Smart About Money: “Your information has been found on the dark web …”

Nick Maffeo Many people have heard of “the dark web.” Most have no idea of what it is and – given the potential dangers – they aren’t inclined to go looking.

According to online security company Norton 360, “The dark web is a part of the internet that’s made up of hidden sites you can’t find through conventional search browsers. Dark web sites use encryption software so their owners and visitors can remain anonymous – which is why the dark web is home to so much illegal activity.”

Perhaps you have gotten an email from a company selling protection plans saying, “Your information has been found on the dark web.” Maybe you’ve worried about that or you wondered if it’s something you should worry about.

The reality is that so much information about people is already a public record (like home deeds) or out there from being used on social media web sites or from previous breaches. It would be difficult if not impossible to get all that information delisted.

Some people get angry about that. Others get overwhelmed and discouraged and think, “Why even try?”

As usual – when it comes to protecting yourself – it pays to do what you can do.

Freezing your credit is something you can do very easily. It’s free and offers substantial protection. As NerdWallet has written, “A credit freeze blocks access to your credit reports to stop new accounts from being opened in your name. This can protect you from fraudulent credit applications even if a criminal has key information such as your birthdate and Social Security number.”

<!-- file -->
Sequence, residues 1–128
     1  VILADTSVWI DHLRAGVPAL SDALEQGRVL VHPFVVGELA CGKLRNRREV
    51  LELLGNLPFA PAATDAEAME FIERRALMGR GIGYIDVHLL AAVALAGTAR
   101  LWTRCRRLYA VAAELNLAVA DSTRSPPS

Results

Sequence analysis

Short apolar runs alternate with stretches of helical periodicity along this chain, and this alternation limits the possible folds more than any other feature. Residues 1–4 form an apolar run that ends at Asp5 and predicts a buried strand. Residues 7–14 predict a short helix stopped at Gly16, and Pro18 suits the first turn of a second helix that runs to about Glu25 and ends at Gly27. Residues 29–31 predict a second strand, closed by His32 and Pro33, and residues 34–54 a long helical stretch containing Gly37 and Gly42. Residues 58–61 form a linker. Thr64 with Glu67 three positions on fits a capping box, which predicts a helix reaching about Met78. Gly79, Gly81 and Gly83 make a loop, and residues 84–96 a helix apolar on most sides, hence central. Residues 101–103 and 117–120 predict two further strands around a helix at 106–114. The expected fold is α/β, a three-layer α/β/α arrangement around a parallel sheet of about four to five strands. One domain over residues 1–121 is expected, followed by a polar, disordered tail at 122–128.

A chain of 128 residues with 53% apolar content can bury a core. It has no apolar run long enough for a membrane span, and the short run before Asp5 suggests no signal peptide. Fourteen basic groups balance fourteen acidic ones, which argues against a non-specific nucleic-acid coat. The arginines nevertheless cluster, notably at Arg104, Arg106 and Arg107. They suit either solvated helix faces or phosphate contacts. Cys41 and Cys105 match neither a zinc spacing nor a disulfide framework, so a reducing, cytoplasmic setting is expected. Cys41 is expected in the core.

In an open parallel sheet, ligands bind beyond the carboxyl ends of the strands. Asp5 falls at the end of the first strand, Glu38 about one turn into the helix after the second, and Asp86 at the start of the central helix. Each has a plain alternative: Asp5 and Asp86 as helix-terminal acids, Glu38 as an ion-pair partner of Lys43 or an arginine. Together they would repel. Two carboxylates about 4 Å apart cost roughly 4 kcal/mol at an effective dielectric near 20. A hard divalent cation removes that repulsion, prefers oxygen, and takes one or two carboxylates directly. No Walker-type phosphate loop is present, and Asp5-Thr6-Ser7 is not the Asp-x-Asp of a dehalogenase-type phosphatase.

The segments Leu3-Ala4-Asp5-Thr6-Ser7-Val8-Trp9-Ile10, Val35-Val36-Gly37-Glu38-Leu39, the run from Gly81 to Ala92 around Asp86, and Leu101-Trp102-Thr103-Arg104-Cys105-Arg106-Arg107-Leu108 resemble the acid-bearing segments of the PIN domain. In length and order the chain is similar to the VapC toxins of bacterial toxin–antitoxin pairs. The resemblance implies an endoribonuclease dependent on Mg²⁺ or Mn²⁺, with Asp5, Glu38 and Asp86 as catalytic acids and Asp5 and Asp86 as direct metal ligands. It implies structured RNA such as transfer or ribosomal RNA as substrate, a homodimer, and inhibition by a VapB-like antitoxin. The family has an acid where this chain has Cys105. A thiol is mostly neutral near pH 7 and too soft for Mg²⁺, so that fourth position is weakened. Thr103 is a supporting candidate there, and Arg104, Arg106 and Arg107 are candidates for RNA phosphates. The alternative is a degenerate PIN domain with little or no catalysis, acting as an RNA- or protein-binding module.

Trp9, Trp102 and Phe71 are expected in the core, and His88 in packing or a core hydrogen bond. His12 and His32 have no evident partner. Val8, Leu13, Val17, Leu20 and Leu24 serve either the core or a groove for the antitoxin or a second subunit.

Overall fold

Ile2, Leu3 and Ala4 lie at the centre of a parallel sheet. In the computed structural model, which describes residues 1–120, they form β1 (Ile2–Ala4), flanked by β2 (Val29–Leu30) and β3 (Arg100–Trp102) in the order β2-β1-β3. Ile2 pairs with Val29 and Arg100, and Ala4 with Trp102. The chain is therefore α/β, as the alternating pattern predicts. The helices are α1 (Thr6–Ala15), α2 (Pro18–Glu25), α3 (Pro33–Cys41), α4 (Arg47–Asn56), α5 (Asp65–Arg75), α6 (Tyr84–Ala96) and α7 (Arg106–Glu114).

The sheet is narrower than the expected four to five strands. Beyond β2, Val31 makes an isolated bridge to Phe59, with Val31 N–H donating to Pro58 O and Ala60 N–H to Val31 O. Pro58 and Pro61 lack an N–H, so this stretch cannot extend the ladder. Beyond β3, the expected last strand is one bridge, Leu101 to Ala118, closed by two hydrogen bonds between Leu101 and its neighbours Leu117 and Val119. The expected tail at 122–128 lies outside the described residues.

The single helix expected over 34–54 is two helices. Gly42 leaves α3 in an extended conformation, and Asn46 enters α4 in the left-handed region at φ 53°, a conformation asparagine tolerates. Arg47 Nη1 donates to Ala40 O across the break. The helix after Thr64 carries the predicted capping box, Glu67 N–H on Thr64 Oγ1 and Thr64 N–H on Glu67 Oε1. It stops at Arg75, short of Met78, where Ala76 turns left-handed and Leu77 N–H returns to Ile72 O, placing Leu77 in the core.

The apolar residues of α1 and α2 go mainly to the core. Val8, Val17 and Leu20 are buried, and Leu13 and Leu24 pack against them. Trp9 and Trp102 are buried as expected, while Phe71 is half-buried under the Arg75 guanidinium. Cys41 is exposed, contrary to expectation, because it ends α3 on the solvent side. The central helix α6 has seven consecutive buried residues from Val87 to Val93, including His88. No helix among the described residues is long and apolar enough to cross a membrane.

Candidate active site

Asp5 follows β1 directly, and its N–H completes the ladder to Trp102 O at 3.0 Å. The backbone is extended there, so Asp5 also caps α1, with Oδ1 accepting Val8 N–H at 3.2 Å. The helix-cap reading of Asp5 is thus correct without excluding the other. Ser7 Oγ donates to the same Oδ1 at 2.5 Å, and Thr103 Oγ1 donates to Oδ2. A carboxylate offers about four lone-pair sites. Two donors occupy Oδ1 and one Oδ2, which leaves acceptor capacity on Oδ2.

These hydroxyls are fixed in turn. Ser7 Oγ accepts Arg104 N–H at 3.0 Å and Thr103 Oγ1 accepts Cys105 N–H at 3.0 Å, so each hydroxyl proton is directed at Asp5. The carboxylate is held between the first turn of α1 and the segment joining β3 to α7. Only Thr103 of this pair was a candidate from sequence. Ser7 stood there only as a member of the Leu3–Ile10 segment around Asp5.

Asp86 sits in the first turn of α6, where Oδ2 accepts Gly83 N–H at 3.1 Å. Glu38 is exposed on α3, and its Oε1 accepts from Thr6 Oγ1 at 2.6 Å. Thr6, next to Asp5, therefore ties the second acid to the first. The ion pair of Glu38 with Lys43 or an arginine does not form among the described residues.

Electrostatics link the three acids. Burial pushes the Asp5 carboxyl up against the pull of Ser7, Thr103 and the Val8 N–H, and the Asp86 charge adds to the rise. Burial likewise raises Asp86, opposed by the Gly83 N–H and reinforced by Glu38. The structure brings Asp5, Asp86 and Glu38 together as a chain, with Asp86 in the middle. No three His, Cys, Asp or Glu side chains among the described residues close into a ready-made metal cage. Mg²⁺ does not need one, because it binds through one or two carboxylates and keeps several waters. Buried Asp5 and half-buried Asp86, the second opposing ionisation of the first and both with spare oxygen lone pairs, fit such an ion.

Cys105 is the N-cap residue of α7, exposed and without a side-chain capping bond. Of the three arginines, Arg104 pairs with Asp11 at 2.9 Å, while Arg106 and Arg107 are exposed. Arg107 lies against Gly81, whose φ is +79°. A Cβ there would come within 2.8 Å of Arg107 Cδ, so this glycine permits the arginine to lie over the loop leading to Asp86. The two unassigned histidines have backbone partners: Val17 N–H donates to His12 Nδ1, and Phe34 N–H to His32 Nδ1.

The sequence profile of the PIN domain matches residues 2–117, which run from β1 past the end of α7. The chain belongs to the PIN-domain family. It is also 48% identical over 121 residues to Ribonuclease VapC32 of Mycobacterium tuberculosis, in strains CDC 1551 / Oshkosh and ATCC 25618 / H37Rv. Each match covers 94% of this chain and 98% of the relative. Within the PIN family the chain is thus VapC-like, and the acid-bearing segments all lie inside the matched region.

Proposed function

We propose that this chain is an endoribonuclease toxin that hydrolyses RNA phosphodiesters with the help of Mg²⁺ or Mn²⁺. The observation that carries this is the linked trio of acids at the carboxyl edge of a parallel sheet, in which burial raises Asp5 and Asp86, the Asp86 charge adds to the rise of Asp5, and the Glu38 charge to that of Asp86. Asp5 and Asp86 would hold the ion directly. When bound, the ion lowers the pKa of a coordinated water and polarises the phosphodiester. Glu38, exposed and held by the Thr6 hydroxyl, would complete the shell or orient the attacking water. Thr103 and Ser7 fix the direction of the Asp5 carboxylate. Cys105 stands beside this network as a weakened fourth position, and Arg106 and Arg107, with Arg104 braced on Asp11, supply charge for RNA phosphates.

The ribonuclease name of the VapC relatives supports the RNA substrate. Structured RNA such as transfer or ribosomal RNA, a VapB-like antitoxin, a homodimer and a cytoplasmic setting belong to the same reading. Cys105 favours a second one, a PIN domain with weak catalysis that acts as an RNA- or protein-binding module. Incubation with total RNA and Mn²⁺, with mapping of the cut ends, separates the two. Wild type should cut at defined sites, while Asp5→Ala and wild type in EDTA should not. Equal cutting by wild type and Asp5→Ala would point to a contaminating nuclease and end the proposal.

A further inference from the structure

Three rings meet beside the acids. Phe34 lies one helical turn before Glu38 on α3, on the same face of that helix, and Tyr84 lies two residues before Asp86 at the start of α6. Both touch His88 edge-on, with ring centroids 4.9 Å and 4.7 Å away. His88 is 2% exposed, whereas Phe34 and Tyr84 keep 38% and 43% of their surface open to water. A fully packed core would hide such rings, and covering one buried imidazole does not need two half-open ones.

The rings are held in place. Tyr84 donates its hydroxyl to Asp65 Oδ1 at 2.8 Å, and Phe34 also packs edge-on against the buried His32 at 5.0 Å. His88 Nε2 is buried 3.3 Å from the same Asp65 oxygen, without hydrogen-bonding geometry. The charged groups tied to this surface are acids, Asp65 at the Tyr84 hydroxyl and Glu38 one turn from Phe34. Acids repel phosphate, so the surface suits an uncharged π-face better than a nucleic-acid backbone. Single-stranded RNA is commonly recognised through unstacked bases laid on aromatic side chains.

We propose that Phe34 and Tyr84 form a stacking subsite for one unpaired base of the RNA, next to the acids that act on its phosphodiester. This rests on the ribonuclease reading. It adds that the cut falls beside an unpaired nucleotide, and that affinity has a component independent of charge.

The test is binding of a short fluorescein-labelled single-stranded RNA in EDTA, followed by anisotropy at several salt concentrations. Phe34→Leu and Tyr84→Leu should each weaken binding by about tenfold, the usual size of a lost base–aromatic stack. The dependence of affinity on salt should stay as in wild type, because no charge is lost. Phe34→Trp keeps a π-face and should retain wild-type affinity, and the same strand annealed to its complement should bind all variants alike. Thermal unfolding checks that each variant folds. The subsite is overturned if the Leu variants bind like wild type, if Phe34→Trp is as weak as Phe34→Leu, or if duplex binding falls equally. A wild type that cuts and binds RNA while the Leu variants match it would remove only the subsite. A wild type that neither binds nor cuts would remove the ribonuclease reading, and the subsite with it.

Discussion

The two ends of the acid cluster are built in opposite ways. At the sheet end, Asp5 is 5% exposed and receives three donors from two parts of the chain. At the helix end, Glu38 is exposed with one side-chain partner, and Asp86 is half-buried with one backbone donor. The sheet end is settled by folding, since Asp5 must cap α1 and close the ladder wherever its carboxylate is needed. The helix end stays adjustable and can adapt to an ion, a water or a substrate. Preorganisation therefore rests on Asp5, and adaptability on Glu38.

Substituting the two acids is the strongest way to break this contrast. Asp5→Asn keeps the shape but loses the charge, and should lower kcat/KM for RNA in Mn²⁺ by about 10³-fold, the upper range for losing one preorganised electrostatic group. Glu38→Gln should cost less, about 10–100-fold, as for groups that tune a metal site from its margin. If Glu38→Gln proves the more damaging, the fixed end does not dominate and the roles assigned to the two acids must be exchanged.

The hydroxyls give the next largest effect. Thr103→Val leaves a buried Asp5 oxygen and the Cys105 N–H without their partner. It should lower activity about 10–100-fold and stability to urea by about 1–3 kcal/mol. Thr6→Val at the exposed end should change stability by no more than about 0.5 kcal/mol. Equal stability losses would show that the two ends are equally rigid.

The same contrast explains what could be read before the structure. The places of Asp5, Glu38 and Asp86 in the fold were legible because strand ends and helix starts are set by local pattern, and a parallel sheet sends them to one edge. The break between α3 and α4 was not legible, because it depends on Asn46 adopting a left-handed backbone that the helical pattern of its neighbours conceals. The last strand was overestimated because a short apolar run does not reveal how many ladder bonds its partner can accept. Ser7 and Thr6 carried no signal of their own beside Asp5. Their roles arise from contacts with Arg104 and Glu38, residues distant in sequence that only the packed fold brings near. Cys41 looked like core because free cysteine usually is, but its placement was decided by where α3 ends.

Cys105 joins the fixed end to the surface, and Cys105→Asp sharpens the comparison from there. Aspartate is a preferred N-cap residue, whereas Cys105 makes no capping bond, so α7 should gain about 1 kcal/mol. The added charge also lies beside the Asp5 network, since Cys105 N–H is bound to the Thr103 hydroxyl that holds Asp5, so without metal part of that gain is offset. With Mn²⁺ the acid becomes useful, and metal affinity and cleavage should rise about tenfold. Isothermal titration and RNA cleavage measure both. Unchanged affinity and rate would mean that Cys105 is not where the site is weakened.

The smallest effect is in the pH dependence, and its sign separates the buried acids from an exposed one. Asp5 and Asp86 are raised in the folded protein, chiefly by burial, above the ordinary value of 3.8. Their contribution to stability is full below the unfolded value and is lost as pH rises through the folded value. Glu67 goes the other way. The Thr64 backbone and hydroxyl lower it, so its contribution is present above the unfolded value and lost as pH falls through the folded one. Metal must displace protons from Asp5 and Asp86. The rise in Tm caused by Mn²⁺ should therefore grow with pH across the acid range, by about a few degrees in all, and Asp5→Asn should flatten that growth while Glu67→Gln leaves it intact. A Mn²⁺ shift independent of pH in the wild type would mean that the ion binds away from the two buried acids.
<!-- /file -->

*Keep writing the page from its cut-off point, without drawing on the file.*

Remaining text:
The credit reporting services – Equifax, Experian and Transunion – all have simple instructions on their web sites. (You need to freeze your credit report with each one individually.) If you have questions, a good explanation of credit freezing and lifting credit freezes is available at

You can also use technology to get alerts about expected transactions and unexpected transactions on your accounts. Monitoring this way is very popular. As usual, it is important to take a close look at any alert you receive to make sure it’s authentic. Also be sure to review bank and credit card statements closely monthly and report any discrepancies immediately.

To the extent it’s possible, it’s worth it to try to be cautious about the personal information you willingly put out about yourself on sites like Facebook or Venmo. A determined scammer can use that information to make it seem as if they know you in order to get you to lower your guard.

A few other things that you can easily do:
> When possible, work with local businesses who have people you can get to know and trust in person.
> All scams come down to a demand or request for money. Decide to refuse to ever send money to someone who is basically a stranger with an odd or alarming story who’s looking for payment in alternative forms of currency like gift cards, wire transfers or Bitcoin.
> Be normally cautious and protective. Don’t let the vastness of the internet and the dark web make you so disheartened that you give up or do nothing.

If you have concerns, talk to your banker or trusted tech-knowledgeable friends. Do the things you can do and stay generally aware of your options to protect yourself and deal with potential new threats.

From the “Smart About Money” Canton Citizen column published on March 21, 2024.
Nick Maffeo is the President & CEO of Canton Co-operative Bank – right next to the Post Office – in Canton.
Have a question? Email to

Previous Post
Scammers are using AI technology …
Next Post
POSTPONED – ”Is this the right time to buy a house?” — Free HomeBuyer Info Session on Saturday, April 20th on Zoom

Accessibility Toolbar